1:1 Is Just a Ratio: Using Technology in the Blended Classroom
Blended learning combines traditional instructional methods with instructional technology that supports a continuum of learning task changes that were previously impossible before the inclusion of technology in the instructional program. It is important to recognize that learning is not based on technology itself, but technology can enhance learning if it is used to level up learning tasks by increasing the depth of knowledge level required to accomplish a learning task. For example, a worksheet alone is not a demonstration of mastery of a standard. Alternatively, by providing several entry points and a variety of end-point products, technology has the potential to create new possibilities for learner voice and demonstration of growth toward mastery.
The brand of technology or the name of an application matter far less than the use of the technology and the use of the application within the existing instructional framework. In order to make the best use of technology, the curriculum must remain the road map of the instructional program. We cannot lose sight of the learning standards and the learning outcomes that frame our instruction. These standards and outcomes represent the goals that we want our learners to know and be able to do. For this reason, we need to call for using a sequence of replacement of paper-based learning with technology-infused opportunities to collaborate and model learner thinking. The most successful blended learning classrooms did not shift overnight – they evolved over time. Infusing technology into the curriculum and the classroom instructional routines will generate long-term changes that support learner independence over time.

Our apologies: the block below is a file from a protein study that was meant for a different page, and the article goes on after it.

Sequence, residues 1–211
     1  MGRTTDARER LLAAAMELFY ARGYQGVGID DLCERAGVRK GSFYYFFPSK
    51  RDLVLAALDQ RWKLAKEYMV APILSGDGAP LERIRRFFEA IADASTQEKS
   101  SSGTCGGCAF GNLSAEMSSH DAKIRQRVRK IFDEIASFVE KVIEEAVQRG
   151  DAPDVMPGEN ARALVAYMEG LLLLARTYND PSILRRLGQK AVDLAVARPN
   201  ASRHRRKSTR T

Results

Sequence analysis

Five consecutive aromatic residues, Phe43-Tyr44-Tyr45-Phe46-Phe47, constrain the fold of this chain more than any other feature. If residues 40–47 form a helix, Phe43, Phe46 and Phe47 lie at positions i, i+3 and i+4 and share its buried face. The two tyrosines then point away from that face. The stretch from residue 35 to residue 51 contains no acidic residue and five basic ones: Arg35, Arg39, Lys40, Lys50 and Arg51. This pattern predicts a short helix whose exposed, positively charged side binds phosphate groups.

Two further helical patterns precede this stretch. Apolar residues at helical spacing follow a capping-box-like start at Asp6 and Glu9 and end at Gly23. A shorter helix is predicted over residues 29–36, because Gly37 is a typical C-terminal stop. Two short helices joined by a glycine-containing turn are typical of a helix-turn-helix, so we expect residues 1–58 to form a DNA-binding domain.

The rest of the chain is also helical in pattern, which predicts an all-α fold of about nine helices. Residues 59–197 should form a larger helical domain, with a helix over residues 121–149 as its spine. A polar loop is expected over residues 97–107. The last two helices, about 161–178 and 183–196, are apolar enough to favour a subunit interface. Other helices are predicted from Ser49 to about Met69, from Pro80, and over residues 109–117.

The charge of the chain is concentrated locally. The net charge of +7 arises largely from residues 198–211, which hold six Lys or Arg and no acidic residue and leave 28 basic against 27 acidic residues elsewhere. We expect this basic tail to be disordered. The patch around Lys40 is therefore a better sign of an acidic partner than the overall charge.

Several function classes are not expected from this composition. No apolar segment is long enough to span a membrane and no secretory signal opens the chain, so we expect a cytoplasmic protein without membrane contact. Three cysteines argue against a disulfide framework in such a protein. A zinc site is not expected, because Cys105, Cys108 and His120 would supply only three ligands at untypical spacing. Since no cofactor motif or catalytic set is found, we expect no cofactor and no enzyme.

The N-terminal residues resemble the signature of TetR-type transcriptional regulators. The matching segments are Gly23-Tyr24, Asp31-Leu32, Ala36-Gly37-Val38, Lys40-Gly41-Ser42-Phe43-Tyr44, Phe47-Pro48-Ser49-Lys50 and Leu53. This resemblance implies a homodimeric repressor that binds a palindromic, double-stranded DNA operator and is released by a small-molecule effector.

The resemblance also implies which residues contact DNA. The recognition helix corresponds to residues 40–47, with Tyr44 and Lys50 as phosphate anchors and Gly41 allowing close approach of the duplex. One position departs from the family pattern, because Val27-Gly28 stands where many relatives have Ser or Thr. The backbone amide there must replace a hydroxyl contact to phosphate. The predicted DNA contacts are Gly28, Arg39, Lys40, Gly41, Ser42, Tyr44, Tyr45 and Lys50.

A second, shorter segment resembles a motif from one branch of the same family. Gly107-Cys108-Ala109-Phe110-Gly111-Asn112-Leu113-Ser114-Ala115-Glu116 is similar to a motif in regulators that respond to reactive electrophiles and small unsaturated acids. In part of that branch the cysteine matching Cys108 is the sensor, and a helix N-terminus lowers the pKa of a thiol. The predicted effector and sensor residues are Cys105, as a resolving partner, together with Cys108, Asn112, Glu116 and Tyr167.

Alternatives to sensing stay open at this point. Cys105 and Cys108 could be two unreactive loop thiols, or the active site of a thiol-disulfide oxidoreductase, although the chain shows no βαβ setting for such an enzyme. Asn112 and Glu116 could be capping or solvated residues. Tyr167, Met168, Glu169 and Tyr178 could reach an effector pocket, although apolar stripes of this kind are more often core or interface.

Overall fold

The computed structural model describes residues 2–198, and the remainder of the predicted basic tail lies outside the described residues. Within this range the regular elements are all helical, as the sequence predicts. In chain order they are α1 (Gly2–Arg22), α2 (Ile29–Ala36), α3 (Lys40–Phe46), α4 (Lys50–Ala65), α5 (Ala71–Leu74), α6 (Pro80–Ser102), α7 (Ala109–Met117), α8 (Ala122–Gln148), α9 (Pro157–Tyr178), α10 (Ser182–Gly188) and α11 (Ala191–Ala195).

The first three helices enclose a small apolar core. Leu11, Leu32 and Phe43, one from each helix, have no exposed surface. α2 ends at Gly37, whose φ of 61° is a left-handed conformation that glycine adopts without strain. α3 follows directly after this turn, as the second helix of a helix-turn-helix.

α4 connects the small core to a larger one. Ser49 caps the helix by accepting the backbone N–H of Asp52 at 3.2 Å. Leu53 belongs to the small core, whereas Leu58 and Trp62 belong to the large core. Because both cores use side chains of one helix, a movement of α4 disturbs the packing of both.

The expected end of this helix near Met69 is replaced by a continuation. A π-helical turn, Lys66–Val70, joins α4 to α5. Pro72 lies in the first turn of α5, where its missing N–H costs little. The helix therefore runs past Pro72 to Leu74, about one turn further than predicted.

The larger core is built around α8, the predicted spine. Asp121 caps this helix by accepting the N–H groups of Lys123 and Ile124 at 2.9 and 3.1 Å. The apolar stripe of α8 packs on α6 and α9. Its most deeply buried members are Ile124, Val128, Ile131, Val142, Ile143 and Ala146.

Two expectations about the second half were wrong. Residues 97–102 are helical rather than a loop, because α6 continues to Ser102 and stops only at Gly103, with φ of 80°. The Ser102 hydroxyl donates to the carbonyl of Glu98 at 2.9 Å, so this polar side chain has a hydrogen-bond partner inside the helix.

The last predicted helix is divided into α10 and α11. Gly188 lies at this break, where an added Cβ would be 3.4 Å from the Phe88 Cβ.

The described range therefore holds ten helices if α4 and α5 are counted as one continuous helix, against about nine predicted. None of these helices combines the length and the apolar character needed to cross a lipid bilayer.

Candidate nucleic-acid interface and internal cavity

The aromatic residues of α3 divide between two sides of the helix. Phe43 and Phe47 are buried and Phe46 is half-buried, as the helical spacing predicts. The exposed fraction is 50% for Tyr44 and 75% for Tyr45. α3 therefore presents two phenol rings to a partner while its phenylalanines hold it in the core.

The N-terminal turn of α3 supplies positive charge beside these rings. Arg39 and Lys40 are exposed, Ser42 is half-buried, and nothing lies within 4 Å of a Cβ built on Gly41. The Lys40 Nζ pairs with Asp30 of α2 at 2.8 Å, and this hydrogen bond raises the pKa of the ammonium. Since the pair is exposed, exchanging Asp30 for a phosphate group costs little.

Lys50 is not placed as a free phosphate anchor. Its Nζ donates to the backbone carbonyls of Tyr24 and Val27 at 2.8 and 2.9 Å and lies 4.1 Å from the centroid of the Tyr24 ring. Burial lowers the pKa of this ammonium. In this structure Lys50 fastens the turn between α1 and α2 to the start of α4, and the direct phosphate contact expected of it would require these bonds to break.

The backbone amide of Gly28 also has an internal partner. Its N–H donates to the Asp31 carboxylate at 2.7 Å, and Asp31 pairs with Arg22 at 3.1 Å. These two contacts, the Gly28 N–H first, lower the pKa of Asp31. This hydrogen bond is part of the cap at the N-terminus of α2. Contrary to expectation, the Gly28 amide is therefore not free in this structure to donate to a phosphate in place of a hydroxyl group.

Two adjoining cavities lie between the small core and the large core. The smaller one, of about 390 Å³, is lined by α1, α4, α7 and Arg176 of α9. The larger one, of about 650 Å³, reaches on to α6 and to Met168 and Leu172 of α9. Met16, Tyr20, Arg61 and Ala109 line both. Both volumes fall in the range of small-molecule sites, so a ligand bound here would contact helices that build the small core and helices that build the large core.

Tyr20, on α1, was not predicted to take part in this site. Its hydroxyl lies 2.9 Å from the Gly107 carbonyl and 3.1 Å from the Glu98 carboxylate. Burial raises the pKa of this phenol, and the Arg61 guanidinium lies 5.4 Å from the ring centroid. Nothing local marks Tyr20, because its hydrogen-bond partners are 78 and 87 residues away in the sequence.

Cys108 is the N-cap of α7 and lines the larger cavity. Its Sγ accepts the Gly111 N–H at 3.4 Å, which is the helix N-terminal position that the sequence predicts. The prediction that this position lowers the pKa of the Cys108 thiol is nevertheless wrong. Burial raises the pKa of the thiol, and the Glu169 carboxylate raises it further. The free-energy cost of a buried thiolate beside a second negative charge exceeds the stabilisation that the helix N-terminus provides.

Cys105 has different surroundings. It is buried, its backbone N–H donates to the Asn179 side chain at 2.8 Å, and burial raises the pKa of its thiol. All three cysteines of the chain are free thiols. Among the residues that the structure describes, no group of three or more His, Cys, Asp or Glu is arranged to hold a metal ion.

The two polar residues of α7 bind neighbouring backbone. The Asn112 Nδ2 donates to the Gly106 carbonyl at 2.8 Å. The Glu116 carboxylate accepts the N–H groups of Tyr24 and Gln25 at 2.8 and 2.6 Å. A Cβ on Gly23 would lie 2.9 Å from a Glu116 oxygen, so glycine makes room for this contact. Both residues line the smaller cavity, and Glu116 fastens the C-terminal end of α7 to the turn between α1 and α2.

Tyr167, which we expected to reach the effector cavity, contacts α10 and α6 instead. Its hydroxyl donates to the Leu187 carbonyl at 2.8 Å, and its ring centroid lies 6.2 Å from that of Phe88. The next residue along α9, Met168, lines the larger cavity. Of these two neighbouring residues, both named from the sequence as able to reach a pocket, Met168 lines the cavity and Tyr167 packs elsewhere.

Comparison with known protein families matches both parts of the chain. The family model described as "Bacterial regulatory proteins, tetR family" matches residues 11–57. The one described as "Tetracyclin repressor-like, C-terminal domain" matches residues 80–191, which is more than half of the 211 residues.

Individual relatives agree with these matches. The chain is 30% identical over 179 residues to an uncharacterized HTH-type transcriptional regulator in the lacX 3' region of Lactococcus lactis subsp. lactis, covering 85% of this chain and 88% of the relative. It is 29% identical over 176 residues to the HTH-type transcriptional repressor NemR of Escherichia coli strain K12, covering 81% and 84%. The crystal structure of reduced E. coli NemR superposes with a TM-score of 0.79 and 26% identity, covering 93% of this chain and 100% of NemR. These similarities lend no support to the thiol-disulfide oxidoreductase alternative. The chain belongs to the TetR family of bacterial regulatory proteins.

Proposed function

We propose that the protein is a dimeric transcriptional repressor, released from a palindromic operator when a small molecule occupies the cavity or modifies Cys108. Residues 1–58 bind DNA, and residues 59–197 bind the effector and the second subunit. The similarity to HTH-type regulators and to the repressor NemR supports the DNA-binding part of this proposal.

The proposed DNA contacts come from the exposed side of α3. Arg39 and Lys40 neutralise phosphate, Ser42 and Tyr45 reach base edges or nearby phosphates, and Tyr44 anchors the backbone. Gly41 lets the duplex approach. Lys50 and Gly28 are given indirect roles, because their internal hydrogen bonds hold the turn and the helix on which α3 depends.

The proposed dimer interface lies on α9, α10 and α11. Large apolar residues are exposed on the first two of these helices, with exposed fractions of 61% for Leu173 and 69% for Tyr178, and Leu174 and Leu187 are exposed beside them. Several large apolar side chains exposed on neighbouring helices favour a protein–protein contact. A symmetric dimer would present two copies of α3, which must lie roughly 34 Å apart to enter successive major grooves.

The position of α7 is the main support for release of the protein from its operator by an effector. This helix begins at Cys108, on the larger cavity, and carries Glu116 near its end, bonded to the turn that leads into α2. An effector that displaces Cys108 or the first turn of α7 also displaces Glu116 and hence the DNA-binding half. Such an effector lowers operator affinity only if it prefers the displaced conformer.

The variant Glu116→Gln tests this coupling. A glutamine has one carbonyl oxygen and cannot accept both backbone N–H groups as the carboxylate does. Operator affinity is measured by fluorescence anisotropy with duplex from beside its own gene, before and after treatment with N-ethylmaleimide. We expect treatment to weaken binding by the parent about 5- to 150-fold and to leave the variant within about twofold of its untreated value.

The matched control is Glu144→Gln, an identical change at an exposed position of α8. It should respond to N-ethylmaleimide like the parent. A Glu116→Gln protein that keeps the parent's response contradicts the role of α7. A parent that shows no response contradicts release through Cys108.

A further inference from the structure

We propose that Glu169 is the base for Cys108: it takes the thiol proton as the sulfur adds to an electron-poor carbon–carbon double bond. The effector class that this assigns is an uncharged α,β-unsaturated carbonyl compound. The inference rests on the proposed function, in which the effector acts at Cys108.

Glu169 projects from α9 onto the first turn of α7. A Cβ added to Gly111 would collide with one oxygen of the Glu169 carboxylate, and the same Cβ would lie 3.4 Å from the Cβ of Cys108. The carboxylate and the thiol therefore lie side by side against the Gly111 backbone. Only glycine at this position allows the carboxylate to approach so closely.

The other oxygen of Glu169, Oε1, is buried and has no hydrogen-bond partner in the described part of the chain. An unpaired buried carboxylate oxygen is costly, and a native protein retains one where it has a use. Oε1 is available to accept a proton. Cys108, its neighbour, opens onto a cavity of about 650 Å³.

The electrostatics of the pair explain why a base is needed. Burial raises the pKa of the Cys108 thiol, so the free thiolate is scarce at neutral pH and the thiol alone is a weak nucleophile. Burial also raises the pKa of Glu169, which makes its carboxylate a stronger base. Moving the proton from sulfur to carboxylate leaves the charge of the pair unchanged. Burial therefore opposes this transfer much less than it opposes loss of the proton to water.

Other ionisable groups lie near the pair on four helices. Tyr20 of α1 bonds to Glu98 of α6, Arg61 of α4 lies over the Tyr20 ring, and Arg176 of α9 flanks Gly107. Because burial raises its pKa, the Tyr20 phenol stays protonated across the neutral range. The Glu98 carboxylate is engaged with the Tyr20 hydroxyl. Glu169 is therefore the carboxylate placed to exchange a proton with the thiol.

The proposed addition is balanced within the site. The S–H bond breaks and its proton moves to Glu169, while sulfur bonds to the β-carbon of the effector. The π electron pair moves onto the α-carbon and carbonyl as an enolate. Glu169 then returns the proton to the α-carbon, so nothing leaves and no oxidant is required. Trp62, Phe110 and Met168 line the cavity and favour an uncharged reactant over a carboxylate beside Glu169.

Below are some tips for what the blended classroom should support within the instructional program. There are best practices for use of technology in learning. What we ask our learners to do with technology matters greatly. As we find ourselves one fifth of the way through the 21st century, our conversations need to shift from those of the outdated “21st century learning” hopes and dreams to actual infusion of such values into the instructional program, with technology serving as an integrated tool for learning through an integrated curriculum where no content takes place in isolation.
If you have questions about how to infuse technology into the instructional program, contact Emily Erickson-Betz here, at strategiclearningsolutions.com or on Twitter @emilybetz.